2013 ESG Trends to Watch
2013 ESG Trends to Watch
categories: ESG Products & Services, Responsible Investing, Research Paper, general
If there is one thing that Hurricane Sandy in the US taught us, it is that preparation counts.
What seemed unlikely even just a day before the storm upended business-as-usual and reinforced the primacy of risk management. Identifying vulnerabilities, however, requires challenging core assumptions about what past data and experience can tell us in the face of the unexpected. As MSCI ESG Research looks forward to 2013, we see clouds on the horizon in the context of accelerating climate change and populist disenchantment in key emerging markets with the way business gets done. Yet, those who look beyond the constrained horizons of stagnating home markets and business-as-usual to retool their strategies for new growth drivers have the chance to seize a significant first mover advantage. As growing risk awareness propels investors to seek long-term bets that will sustain them through the next storms and upheavals, these far-sighted companies will gain momentum over the complacent.
1. Waiting For The Storm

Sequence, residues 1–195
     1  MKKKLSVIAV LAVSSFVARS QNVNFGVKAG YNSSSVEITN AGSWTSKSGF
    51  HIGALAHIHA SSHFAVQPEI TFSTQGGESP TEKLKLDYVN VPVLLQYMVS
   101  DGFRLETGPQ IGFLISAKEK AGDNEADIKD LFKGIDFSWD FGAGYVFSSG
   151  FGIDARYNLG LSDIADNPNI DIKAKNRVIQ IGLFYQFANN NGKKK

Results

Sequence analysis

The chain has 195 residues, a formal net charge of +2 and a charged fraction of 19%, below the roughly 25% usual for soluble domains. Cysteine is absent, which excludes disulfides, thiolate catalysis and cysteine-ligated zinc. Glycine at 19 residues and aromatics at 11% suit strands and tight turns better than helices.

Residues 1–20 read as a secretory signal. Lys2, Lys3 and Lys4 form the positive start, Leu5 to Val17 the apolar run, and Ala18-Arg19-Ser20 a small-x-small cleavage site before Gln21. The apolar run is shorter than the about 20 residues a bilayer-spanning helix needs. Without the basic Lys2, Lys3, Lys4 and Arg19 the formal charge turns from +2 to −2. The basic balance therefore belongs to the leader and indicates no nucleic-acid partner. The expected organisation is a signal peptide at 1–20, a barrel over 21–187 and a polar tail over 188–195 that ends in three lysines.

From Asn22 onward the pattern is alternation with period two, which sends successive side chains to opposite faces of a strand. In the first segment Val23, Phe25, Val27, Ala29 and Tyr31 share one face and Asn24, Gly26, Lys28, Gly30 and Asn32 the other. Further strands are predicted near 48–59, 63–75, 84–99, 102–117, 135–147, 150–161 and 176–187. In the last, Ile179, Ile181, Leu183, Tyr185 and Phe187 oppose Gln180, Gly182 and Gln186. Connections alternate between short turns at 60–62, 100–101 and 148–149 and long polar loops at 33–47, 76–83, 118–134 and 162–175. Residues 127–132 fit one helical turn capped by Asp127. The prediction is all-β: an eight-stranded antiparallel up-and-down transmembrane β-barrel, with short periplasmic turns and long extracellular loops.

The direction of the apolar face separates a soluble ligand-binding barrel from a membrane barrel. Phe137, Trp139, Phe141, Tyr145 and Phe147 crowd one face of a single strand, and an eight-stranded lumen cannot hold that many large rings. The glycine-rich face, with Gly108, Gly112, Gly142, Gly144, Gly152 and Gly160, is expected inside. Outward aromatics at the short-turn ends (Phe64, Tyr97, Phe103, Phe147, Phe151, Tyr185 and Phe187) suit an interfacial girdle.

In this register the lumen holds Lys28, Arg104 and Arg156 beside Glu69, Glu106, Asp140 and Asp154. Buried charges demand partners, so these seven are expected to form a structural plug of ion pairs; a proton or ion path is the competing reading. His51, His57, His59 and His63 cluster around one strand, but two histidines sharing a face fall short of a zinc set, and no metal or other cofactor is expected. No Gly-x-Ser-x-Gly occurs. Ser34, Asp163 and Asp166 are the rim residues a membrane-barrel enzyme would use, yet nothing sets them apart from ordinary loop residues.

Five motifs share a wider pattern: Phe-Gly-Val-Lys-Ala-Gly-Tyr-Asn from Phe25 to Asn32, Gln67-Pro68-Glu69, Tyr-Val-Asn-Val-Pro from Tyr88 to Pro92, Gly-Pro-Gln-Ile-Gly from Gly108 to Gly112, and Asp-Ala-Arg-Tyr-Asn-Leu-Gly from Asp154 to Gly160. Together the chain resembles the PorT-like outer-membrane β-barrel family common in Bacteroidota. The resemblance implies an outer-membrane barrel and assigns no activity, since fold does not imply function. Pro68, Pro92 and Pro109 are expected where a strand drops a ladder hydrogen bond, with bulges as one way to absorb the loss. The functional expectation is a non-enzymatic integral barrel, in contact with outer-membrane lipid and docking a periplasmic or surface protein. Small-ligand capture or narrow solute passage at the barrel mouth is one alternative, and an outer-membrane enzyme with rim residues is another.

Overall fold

What if Hurricane Sandy came every year, to a financial capital near you? Companies on the MSCI World Index have located significant fixed assets in climate-vulnerable areas.
2. Bottom of the Pyramid and Top of the Pack
Sluggish economic growth and regulatory and fiscal constraints will push companies in healthcare, consumer, and other sectors to seek growth in underserved market segments. Yet, the opportunities remain largely unexplored.
3. What Health & Safety Metrics (Don’t) Tell Us
To uncover the next BP, relying on health and safety metrics alone is not enough. Failing to factor in the geographic and industry context obscures the hidden risks that could precipitate the next disaster.
4. Protesting Corruption
Public outrage over corruption has pressed governments in China, India, and Russia to pursue an anti-corruption agenda. Companies most prone to being implicated in corrupt practices have largely failed to shore up their ethics practices.
5. Meaningful Data and the Movement of Markets
There is evidence that signs of improved risk management on ESG issues are being rewarded in the equity market. But while companies have improved their reporting on ESG issues, they often report on issues where they face little financial impact while ignoring issues that pose significant risks to their core businesses.
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To read data from other years, please see our ESG Trends page.